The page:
Bodie Kellogg Opinion
gas cap o-ring The key to locating a gas cap O-ring.

O-ring quest awakens the inner Mexican

Not thinking like a gringo was the way to solve the problem

Over the past few years I have written and archived several stories about the ordeal of an expat melding into the transformative process of living fully in a foreign land.

The persistent nature of this culture to leave me astounded, shocked, puzzled and amused, sometimes all at once, has given me an overabundance of grist for my mill. So I would like to present my first column that deals with my constant struggle not to be a bumbling and blunderous gringo, tossed about in the cultural riptide of life in Mexico.

Hardly a week goes by without an encounter or situation that I define as “absolutely and unquestionably Mexican.” In no way am I using this phrase in a derogatory manner; it is simply a description of an action that I would never encounter in my old life north of the border.

The circumstances of these episodes can either leave one writhing in a morass of enraged frustration or floating in the rarefied air of pure cultural triumph; it is solely your choice. I know expats will never truly achieve the timeless tranquility that runs through the fabric of this culture, but never give up the quest, for there lies the gratification.

Last year I needed a new O-ring gasket for the gas cap on my chainsaw. Why I possess a chainsaw in an urban environment would require a protracted and tedious explanation, so we will press forward. I went to the chainsaw shop and showed the owner my gas cap with the bad O-ring and asked for another.

After digging through several boxes he proudly produced a new gas cap and declared its worth to be 480 pesos. I looked closely to see if any precious metals or dazzling gemstones were included in this exorbitant price. I then removed the damaged O-ring from my gas cap and carefully explained my cap was just fine, I only needed the little rubber gasket.

After giving it some thought, he told me I could have the new cap for the very special price of only 380 pesos. When further queries accompanied by hand gestures could not produce a simple O-ring, I relented. Sometimes you eat the bear and sometimes the bear eats you.

As I returned to my car, I realized this was one of those maniacal moments when an expat could lose total composure because you know that somewhere he has an O-ring without the cap. However, this is Mexico, and a 380-peso sale is far more desirable than a paltry two-peso sale.

My gringo brain immediately went into exploited expat mode. There are times when I feel I must have a dollar sign on my forehead that only Mexicans can see.

Ten years ago I would never have thought much further than being an exploited gringo. I would have grumbled and complained about the dysfunctional aspects of modern Mexico; sometimes it is so hard to accomplish even the simplest of things. And I would have probably returned the next day and spent 380 pesos for a two-peso O-ring.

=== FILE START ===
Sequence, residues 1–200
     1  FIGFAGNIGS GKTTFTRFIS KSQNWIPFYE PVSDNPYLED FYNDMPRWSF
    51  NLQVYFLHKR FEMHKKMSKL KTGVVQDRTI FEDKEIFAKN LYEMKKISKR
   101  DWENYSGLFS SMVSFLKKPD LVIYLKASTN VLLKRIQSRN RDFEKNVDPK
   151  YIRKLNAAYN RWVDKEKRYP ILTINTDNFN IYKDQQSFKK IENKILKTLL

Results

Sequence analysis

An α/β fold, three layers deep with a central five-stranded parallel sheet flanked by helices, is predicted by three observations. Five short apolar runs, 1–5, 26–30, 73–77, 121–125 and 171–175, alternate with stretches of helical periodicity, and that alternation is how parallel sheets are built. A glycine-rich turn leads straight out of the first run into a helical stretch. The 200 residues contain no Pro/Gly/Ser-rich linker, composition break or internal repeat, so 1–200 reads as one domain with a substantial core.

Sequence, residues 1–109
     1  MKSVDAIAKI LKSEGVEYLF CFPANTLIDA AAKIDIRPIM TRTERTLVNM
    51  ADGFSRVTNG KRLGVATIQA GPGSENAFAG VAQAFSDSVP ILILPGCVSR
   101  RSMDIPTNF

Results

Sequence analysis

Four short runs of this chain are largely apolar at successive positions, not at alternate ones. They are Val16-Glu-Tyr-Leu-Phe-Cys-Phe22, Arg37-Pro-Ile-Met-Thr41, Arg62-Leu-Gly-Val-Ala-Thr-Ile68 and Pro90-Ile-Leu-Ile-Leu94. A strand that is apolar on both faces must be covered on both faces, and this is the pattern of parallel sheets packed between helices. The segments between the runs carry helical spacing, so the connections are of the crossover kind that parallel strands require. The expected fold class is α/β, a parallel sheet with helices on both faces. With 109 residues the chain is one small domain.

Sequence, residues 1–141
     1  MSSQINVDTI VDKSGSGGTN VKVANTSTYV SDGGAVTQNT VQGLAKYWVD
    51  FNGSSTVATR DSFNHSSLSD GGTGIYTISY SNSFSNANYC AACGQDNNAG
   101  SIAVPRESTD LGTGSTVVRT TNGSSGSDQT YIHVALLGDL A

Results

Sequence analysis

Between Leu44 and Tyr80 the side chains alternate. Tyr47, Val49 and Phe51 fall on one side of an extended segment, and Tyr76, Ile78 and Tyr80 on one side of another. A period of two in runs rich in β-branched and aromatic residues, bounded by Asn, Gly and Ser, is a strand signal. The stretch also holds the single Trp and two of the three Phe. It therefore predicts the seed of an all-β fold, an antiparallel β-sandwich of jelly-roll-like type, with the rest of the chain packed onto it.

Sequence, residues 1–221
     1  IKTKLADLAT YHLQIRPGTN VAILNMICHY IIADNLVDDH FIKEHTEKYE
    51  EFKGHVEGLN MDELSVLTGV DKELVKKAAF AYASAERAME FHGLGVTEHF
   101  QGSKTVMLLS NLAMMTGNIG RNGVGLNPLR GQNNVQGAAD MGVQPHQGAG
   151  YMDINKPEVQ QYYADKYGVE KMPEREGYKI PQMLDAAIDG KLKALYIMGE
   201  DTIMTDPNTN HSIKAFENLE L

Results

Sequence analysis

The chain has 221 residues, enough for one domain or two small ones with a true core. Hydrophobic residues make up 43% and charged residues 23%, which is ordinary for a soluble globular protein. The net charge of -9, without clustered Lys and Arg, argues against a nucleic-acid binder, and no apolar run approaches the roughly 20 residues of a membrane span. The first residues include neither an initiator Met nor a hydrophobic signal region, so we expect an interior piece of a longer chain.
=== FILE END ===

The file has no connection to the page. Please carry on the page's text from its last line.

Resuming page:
But now that I am enrolled in the Acme Expat Immersion Therapy and Attitude Modification Program I am able to come to terms with my gringo-ness and no longer suffer the anguish of self loathing or the excruciating despair of my continuing cultural failures.

Thank you, Acme, for showing me how to recognize potentially aggravating situations and giving me the knowledge and fortitude required to break through personal barriers, to assume the insouciant ethos of Mexican culture; just think like a Mexican.

So, as I put my retrained mind to the task of solving my O-ring problem, I was instantly rewarded with a viable solution. I realized I had been thinking like a gringo when I automatically went to the saw shop to find the proper gasket for the cap.

I should be thinking how the average Mexican would solve the O-ring problem.

This culture wrests the maximum utility from all things tangible; cars, couches, cardboard boxes and literally everything used on a daily basis is used to death. What this means is that the useful life of all things tangible has been artfully extended way past all optimistic expectations.

This propensity to repair, and even resuscitate when possible, all things tangible has spawned a multitude of specialty parts and repair shops. So I simply went to the rubber store that had all sizes of O-rings and found an exact match. I purchased five for a total of five pesos, which quickly assuaged my inner Mexican.

Since I hadn’t wasted the entire day on my O-ring quest, I went back to the saw shop. I went to the owner and handed him three of the O rings while explaining they could help other people who might just need an O-ring and could not afford a new gas cap. The man’s expression and demeanor transitioned from confusion to comprehension to unexpected pleasure over a long 15 seconds.

Now, when I stop by the saw shop, I am accepted as a friend who’s not too much of a gringo and certainly not a financial windfall.

Again, I would like to thank the Acme Expat Immersion Therapy and Attitude Modification Program for disinterring the inner Mexican from the depths of my clouded soul.

Bodie Kellogg describes himself as a very middle-aged man who lives full-time on the west coast of Mexico with a captured tourist woman and the ghost of a half wild dog. If you wish to give him cold beer, large sacks of money or a piece of your mind, he can be reached at [email protected].

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